The Bombing of Madrid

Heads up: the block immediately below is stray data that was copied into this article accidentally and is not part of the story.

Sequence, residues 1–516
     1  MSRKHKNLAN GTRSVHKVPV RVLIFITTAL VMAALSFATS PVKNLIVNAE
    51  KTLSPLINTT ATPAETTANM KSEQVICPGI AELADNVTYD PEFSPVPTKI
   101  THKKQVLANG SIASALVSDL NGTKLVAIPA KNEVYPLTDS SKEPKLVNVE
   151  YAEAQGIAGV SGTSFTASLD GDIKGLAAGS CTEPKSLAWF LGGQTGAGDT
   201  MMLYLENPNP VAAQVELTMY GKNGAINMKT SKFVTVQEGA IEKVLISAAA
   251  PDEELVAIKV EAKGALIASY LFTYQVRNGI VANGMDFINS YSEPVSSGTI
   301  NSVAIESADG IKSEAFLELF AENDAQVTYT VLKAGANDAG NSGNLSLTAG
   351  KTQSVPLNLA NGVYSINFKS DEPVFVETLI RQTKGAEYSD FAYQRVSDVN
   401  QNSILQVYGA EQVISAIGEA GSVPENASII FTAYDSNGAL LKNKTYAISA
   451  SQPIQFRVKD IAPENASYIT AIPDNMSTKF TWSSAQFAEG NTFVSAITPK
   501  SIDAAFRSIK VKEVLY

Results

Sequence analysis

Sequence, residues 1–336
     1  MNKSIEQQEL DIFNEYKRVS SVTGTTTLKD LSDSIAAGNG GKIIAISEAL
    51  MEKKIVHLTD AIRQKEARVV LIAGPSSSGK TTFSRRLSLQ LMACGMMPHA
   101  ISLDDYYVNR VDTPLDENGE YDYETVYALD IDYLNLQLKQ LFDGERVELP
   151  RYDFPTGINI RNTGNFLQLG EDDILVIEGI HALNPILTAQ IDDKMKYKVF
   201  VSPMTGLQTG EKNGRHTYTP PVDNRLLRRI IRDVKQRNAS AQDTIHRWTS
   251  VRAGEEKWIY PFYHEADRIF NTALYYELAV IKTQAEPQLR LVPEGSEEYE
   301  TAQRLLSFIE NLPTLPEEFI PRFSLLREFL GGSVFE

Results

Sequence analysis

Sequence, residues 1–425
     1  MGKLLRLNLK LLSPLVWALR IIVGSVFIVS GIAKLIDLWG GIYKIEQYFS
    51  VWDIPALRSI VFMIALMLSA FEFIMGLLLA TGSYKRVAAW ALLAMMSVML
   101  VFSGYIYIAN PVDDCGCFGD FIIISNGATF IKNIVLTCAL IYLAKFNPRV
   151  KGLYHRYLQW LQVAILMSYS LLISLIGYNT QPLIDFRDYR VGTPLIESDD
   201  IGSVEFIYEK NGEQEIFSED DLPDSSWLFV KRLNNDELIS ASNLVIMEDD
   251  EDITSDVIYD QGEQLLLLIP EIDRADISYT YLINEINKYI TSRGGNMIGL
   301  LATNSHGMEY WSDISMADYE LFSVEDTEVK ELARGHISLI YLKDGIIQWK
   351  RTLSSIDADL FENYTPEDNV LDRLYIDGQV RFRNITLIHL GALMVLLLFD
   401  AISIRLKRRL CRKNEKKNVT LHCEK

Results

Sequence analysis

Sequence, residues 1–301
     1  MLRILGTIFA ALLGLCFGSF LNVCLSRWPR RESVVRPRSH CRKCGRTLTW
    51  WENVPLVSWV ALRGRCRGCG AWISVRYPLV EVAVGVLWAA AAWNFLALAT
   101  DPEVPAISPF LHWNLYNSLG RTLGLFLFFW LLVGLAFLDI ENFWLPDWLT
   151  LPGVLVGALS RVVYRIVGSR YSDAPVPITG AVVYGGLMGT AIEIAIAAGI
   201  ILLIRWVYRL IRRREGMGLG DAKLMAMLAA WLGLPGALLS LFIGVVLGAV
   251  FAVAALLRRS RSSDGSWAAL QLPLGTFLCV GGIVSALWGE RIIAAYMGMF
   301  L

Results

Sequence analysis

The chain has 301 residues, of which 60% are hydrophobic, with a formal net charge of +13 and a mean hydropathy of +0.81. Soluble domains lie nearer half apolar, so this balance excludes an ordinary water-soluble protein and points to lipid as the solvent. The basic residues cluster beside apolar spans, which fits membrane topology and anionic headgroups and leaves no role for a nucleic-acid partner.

The military uprising against the Republican Government on 18 July 1936 resulted in the start of the Spanish Civil War. In September of that year, following weeks of turmoil and tragic violence which saw the country divided into those loyal to the government and the rebels, as well as the positions adopted by foreign nations with regard to the war, the Nationalist forces focused on the capture of Republican Madrid. The capital was bombed sporadically from the end of August, while Nationalist troops assaulted from November and on the sixth of that month the Republican government moved to Valencia. Bitterly-fought battles continued for more than three months with the front line between the two forces, located on the western edge of the city, remaining almost unchanged for the next two years until 28 March 1939, three days between the declaration of the end of the war. During that time Madrid was in a permanent state of partial siege and the subject of a war of attrition. The city suffered from a lack of supplies as well as continuous bombings.